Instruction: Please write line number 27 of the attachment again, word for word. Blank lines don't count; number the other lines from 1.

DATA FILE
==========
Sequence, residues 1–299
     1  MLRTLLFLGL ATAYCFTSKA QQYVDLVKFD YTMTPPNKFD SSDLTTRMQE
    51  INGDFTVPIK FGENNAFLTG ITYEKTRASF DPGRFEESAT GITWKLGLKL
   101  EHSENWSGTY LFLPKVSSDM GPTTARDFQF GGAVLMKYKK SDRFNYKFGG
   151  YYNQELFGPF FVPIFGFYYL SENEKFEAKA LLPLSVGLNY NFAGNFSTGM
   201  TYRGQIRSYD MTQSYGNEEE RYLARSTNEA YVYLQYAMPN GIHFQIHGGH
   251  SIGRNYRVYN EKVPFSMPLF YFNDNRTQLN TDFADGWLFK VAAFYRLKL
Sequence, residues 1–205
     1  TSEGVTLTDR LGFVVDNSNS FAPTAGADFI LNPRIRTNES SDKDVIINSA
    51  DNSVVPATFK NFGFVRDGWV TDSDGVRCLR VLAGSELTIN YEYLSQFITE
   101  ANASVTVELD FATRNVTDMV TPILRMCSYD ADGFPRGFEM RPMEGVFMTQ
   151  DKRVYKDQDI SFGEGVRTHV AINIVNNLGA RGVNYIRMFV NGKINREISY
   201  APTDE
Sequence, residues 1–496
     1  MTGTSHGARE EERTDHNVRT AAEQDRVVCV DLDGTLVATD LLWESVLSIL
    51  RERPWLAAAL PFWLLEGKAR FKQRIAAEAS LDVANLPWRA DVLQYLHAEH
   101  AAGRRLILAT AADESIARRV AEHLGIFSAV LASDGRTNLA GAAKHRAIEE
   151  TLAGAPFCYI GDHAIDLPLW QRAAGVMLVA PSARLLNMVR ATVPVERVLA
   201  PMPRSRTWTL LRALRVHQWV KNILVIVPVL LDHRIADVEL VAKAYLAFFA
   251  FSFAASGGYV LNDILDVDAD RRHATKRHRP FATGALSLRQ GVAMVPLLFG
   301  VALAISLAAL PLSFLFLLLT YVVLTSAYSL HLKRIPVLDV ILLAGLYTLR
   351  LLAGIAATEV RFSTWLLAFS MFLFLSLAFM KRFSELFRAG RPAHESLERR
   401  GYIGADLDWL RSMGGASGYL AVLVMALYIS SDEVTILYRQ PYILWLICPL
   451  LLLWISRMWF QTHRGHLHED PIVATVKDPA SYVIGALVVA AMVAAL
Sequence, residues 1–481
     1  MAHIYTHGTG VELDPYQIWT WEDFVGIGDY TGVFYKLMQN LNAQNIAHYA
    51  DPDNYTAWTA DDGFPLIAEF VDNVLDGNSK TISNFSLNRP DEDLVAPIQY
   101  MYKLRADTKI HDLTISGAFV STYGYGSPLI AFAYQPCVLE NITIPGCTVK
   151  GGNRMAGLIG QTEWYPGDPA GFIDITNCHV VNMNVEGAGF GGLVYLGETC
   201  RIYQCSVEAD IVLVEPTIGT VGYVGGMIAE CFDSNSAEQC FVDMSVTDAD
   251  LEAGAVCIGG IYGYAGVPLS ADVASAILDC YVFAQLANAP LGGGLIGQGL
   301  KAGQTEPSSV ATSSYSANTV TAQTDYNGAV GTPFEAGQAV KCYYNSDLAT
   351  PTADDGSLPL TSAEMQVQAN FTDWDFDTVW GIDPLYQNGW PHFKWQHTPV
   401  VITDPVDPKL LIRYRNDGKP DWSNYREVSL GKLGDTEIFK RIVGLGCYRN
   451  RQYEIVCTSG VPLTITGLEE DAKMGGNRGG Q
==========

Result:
    51  DPDNYTAWTA DDGFPLIAEF VDNVLDGNSK TISNFSLNRP DEDLVAPIQY